That’s why we here at AB Tasty don’t recommend the above method for most of our users and why we don’t suggest it by default. Nonetheless, it is easy to implement with just a few lines of JavaScript.

How can flickering be limited?

If you don’t want to use the aforementioned method, what are your options? Here are some best practices you can use to reduce flickering and maybe even eliminate it:

  • Optimize your site’s loading time by all means possible: page caching, compression, image optimization, CDNs, parallel query processing with the HTTP/2 protocol, etc.
  • Place the A/B testing solution tag as high as possible in the source code, inside the <head> element and before intensive external resources (e.g. web fonts, JavaScript libraries, etc.) are called.
  • Use the synchronous version of the AB Tasty script, since the asynchronous version increases flickering odds
  • Don’t use a tag manager to call your solution’s tags (e.g. Google Tag Manager). This might not be as convenient, but you’ll have an easier handle on your tag’s firing priority.
  • Do not insert a jQuery library in the tag if your site provider already uses one. Most client-side A/B testing solutions use jQuery. AB Tasty nonetheless makes it so you don’t have to integrate the infamous JavaScript framework if you already use it elsewhere, so you can cross a few kb off your transfer list.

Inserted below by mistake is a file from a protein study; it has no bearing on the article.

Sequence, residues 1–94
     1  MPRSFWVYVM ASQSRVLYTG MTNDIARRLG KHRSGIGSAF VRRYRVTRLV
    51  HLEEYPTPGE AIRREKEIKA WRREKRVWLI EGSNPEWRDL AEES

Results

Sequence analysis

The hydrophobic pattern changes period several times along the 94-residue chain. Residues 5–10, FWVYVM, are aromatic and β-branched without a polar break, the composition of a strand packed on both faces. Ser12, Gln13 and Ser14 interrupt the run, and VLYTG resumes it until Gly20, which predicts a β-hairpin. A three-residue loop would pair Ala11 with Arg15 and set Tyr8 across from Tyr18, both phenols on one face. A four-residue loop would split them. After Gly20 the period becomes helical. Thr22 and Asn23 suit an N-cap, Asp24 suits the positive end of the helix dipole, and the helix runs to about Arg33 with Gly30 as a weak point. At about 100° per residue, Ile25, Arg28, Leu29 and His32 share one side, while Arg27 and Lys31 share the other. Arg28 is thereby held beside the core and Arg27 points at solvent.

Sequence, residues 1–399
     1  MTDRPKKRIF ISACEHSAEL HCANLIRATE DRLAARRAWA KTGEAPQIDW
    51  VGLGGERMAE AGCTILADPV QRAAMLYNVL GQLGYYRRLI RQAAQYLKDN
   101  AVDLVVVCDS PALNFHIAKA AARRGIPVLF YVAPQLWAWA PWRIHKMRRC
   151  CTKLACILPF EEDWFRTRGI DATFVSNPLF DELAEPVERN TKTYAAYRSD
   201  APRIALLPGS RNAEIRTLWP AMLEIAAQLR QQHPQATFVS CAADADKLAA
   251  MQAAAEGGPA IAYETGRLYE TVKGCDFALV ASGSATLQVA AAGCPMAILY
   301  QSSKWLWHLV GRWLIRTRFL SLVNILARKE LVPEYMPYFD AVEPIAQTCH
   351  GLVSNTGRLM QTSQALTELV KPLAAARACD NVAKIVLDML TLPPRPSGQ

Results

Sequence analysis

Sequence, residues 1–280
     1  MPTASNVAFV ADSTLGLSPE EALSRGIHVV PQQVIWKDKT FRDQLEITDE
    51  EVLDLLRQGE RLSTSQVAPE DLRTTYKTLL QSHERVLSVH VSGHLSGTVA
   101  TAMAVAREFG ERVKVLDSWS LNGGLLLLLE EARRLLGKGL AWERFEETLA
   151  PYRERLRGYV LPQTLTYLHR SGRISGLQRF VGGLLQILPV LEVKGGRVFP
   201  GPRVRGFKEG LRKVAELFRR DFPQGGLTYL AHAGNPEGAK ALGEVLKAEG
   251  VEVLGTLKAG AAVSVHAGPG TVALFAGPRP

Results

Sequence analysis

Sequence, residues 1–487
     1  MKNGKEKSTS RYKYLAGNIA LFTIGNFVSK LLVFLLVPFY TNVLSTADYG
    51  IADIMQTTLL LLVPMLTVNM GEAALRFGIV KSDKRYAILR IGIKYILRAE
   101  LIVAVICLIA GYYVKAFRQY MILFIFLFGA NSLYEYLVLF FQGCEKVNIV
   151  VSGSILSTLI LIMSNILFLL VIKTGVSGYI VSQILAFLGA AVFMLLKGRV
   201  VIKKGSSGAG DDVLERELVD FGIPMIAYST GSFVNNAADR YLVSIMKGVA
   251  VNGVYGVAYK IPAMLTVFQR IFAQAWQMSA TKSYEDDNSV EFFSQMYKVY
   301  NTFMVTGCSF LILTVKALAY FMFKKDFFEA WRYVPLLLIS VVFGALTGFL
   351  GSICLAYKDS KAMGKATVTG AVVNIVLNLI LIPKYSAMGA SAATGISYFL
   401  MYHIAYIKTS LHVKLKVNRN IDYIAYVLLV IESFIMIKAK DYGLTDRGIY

• Reduce the size of your solution’s script by removing inactive tests. Some solutions include the entirety of your tests in their script, whether they are suspended or in draft mode. AB Tasty includes only active tests by default. If, however, you have a high number of ongoing customizations, it might be appropriate to make them permanently operational and deactivate them on AB Tasty.
  • Pay attention to the nature of modifications. Adding several hundred lines of code to obtain your modification will cause more flickering than a minor change to CSS styles or wording.
  • Rely as much as possible on style sheets. It is usually possible to obtain the desired visual effect using style sheets. For example, you can simply implement a JavaScript instruction that adds a CSS class to an element, letting the class modify its aspect, rather than writing lines of script to manipulate its style.
  • Optimize your modified code. When fiddling around with the WYSIWYG editor to try and implement your changes, you may add several unnecessary JavaScript instructions. Quickly analyze the generated code in the “Edit Code” tab and optimize it by rearranging it or removing needless parts.
  • Ensure that your chosen solution uses one (or many) CDNs so the script containing your modifications can be loaded as quickly as possible, wherever your user is located.
  • For advanced users: Add jQuery selectors to the cache as objects so they don’t need to be reorganized in the DOM multiple times. You can also make modifications in JavaScript rather than in jQuery, particularly when dealing with elements by class or ID.
  • Use redirect tests where possible and if useful after an evaluation of the relation between the modification’s nature and the time required to put the test into place.

If you still see flickering after performing these optimizations, you may want to use the content-masking technique detailed above. If you’re not comfortable doing this alone, contact our support team.